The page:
Long Distance Parenting Plans
Dear Dr. Jann,
I have a job opportunity in another county that I am considering, but my son’s mother says we will have to change the parenting plan so that he can live with her during the school week. Although there will be an hour commute each way, I will be able to get my child to school and pick him up from the after school program. Why would we have to change the plan? What do long distance parenting plans look like?
Long distance parenting plans can work and don’t necessarily mean less time with your child overall. Because your son will be sitting in a car for an hour before school and an hour after school going to and from your home, all of his friends will be an hour away, he will have to get up earlier, and it will take 2 hrs out of his day where he could be doing homework or interacting with family and friends. If he participates in extracurricular activities, say soccer, for instance, his practices and games will be an hour away. If he is ill and must go home from school when he is scheduled to be with you, his home will be an hour away. Therefore, if you must move, a change in your parenting plan does seem like it is in the best interest of your child.
Although breaking up prompts parents to want to move farther from each other, if they are coParenting, I often suggest they move closer. Many balk and think that’s ridiculous, but if you are making your decisions in the best interest of the kids, you live where it makes them most comfortable. If both parents live in the same school district the child can easily go between homes, attend the same school, and participate in extracurricular activities that require weekly practices and games. This way both mom and dad can support the child equally.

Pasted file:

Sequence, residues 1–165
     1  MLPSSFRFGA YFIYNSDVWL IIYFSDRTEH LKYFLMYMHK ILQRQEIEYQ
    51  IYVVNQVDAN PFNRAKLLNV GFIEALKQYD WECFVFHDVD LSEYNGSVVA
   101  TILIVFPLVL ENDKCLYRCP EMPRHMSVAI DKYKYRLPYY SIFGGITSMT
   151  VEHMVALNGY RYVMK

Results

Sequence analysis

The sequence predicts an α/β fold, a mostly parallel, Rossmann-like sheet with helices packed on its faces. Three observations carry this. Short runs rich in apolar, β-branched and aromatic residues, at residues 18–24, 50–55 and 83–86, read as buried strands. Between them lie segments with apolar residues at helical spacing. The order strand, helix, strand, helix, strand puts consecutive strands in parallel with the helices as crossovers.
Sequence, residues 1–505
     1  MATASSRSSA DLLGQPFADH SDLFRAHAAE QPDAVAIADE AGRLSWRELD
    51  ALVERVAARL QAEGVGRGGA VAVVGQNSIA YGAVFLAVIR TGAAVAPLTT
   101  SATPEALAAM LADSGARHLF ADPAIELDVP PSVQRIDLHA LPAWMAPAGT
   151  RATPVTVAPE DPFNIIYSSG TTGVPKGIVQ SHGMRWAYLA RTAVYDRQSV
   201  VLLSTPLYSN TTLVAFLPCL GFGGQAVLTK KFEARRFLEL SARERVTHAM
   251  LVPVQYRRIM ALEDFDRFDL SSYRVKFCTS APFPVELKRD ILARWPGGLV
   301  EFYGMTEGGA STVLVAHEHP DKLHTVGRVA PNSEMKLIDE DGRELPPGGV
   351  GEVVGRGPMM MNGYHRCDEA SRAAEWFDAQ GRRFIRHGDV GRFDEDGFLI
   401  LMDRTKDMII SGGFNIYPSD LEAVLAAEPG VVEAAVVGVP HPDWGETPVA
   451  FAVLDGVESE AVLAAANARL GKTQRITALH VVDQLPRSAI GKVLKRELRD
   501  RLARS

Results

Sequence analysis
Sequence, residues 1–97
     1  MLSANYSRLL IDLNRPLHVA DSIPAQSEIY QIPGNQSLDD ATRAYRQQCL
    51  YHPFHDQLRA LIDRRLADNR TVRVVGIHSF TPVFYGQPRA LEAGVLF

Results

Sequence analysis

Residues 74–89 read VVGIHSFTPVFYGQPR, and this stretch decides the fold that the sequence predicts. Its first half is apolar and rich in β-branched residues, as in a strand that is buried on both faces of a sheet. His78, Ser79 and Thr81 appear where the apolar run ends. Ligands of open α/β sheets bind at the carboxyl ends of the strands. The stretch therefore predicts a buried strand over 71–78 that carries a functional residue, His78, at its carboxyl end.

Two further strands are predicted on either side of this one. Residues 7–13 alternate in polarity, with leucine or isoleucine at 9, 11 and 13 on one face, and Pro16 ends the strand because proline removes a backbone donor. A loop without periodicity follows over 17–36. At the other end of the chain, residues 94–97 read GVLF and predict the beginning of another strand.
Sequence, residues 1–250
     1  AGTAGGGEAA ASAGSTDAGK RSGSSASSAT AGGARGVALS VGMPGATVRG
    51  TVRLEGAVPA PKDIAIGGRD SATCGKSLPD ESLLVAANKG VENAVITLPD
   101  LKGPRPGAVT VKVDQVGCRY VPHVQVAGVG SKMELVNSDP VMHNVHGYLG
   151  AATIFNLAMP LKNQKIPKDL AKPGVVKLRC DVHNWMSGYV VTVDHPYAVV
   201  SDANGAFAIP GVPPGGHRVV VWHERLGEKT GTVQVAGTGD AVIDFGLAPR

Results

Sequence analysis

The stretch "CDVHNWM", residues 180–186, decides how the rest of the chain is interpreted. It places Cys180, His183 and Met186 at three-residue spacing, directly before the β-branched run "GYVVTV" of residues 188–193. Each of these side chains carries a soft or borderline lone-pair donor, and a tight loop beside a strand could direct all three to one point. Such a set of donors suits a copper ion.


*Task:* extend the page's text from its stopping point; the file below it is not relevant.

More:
When you are living a distance away but you have equal custody on paper, the other parent will ultimately end up filling in when you can’t get there on time, will make sure the child gets to practices and finishes up projects, and will also be interacting more with other parents because they live in the neighborhood. As a result, they will “feel” like the primary parent. You’ll be fighting an uphill battle doing your best to be “equal” and being equal may not be what’s best for your child in this stage of their lives.
This is when I hear, “But I have to work! If I don’t I won’t be able to pay child support. Are the courts going to dock me time because I have to work?” That’s not the point. The courts don’t dock parents for working, but if you live an hour away from where your child attends school, you may not be able to have an equally shared parenting plan during the school year. To compensate, your child’s parenting plan may offer you more time in the Summer and during school breaks. That’s good ex-etiquette.